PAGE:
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Marcus Wehby makes thestudio@620 run smoothly

Bill DeYoung



Marcus Wehby (at right) running sound cues for Monday's Radio Theatre Project at thestudio@620. Photo: Bill DeYoung

The “man behind the curtain” at thestudio@620, St. Petersburg’s community-centric performance space and art gallery, is Managing Director Marcus Wehby. Audiences rarely see him, but he’s always there, from the earliest production meetings to the final encores. At thestudio, he’s the wizard of aaahs.

“What I see when I’m watching a show, when we’re in rehearsals, is ‘I think this would play better if you did it this way for the audience,’” Wehby explains. “I give feedback to make sure it plays to the audience, because I’m constantly thinking about all of it. How does the actor feel in that moment? Does it relate to the audience? What is the overall experience?”

By “overall,” he means over all: “I like looking at the whole picture. When they walk through the door, how is the lobby experience, because that’s going to set the tone for the show they’re going to see. And when they go to sit down, how is the light, how is the setting? And then with the show, how are they getting the story? Does it make sense?”

His job is not to interfere with the artist at work – studio founder Bob Devin Jones’ credo has always been to give creatives room to be creative – but to facilitate.

The native of Birmingham, Alabama came to Florida with a degree in Theatre Management. “My main goal was to stage manage, but move on up to producer,” Wehby explains. “I understand what it means to be onstage – I’ve had to act, just like most people do in this field – but I love doing this side of it. Setting everything up and making sure that the productions happen like they’re supposed to.”

He boarded the 620 train in December, 2018. He’d met Jones a few years earlier; he produced a show at the studio and was taken with the city.

He’d spent years working in the Food & Beverage Department at Walt Disney World, and with Florida Southern College’s music school. “I love theater, but actually my first track was music,” Wehby says. “I wanted to produce music. I fell in love with the literature portion of it – and I love a good story. So that’s kinda what caught me.”

Jones’ unique approach to management caught him, too. “One of the things that Bob does is, he trusts the artist. So if you come in, he says yes, and he says ‘How would you accomplish that? I don’t want you to sell me your idea.’ Bob sees the potential, and I think that’s the key. We don’t get a lot of that in the world we live in.”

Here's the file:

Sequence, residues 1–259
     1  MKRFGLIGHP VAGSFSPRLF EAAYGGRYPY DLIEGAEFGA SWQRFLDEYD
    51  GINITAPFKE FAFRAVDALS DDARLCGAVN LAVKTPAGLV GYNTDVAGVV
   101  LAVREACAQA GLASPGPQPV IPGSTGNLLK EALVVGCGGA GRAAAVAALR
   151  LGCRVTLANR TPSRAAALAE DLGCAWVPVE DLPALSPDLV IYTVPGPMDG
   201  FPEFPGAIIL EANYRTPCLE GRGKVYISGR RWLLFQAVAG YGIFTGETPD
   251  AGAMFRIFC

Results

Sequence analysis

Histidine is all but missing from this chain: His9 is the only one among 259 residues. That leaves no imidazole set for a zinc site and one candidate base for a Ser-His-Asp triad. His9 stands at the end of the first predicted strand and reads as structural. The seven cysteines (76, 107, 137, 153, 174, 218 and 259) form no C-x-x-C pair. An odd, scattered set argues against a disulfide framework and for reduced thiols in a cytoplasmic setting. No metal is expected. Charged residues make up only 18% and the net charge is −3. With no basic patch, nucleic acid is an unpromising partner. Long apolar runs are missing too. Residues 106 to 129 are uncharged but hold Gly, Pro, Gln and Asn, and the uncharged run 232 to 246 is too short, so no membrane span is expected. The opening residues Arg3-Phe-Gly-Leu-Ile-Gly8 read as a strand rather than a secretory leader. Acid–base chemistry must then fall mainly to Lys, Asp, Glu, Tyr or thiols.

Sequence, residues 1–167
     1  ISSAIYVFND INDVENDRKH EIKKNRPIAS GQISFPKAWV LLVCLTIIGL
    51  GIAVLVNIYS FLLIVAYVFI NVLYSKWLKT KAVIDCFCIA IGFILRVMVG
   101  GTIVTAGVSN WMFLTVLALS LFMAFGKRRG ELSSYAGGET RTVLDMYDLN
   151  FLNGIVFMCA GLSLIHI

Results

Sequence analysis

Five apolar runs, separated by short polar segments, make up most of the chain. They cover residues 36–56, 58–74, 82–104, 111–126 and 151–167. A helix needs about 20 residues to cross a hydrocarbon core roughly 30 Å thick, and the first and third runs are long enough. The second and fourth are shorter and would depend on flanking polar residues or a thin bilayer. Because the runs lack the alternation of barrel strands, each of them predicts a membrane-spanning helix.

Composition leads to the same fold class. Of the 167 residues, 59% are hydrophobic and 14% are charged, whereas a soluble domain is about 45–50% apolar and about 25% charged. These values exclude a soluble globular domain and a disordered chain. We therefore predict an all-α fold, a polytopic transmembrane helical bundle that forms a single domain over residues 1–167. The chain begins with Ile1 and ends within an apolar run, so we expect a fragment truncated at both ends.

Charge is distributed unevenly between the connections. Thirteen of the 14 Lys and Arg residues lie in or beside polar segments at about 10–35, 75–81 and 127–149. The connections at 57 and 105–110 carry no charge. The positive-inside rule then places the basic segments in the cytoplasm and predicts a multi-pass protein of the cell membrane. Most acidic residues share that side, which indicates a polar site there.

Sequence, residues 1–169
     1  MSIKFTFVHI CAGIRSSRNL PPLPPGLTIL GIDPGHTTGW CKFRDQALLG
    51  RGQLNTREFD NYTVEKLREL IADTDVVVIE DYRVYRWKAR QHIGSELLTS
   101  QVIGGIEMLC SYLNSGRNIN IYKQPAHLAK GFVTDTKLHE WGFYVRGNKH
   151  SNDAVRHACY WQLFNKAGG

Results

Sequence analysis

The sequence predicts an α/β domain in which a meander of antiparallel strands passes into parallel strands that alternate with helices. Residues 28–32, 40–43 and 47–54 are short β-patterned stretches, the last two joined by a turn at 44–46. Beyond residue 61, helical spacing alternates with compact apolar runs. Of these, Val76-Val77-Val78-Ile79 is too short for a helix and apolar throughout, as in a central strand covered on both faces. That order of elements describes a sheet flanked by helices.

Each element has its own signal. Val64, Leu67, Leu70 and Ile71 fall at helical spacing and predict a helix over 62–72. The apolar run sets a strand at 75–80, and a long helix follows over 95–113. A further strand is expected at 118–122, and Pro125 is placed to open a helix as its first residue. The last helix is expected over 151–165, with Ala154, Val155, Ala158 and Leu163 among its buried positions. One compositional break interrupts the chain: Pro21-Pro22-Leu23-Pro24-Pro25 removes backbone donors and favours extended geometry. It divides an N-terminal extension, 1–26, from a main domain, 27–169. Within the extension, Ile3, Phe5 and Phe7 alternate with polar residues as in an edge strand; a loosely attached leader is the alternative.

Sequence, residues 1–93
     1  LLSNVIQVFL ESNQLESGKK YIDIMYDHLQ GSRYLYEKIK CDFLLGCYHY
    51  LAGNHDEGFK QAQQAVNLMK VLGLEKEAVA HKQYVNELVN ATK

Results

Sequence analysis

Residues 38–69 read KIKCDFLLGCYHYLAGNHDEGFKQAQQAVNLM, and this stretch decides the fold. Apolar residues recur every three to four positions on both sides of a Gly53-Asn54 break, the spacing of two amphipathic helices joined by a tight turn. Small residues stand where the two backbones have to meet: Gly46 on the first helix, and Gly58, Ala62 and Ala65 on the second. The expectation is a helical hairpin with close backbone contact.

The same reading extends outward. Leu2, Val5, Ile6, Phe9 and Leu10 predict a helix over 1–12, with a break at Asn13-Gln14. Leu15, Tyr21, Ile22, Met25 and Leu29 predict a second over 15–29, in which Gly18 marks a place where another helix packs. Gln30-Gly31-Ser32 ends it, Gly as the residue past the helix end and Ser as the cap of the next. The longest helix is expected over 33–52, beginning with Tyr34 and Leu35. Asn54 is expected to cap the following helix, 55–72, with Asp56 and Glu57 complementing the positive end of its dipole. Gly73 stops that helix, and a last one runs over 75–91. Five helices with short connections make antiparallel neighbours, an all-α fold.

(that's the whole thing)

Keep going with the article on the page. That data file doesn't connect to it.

Thestudio@620 does not produce its own shows. There’s no regular “company” of actors, dancers, singers or artists. It’s a small – very small – staff.

“There’s a lot of overhead with big companies,” Wehby points out. “They have a huge operating budget, because with all of that overhead it takes a lot of money to produce one show.

“The studio’s focus is very different. We give a chance to people who would not get a chance anywhere else. Our overhead has to be so much lower, because we don’t have artists that we employ daily.

“So our overhead really should not be a big portion of our budget. A big portion of our budget should be ‘How can we say yes to all of these different artists, so that they have an opportunity to do whatever their art form is.’ Ultimately, we want you to outgrow the studio.”

He is truly a jack-of-all-tasks, from buildings sets to hanging lights to running sound cues. 

“I love all aspects of it,” Wehby says. “So I try to learn as much as I can from it all, because entertainment encompasses so much stuff. I’ve had experience from ballets through operas, on up to guerilla-type theater, all kinds of stuff. I just have a true passion in general.

“My dad was an immigrant, so the main focus was work hard, get a job, make money. There wasn’t a lot of time for leisure and understanding entertainment. We did sports in my family, but it was a totally different focus. It was more about getting a job.

“But when I was in high school I took a speech class. And she also taught theater. It was my first time to ever see theater. And it blew me away.”

thestuidio@620 website












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    Michele Routh

    May 24, 2022at5:39 pm

    Thank you for doing a story on Marcus, a real unsung hero! His talents are so many, but his heart and spirit in working with others is also unparalleled. He was meant for the Studio and visa versa! Much love Marcus!

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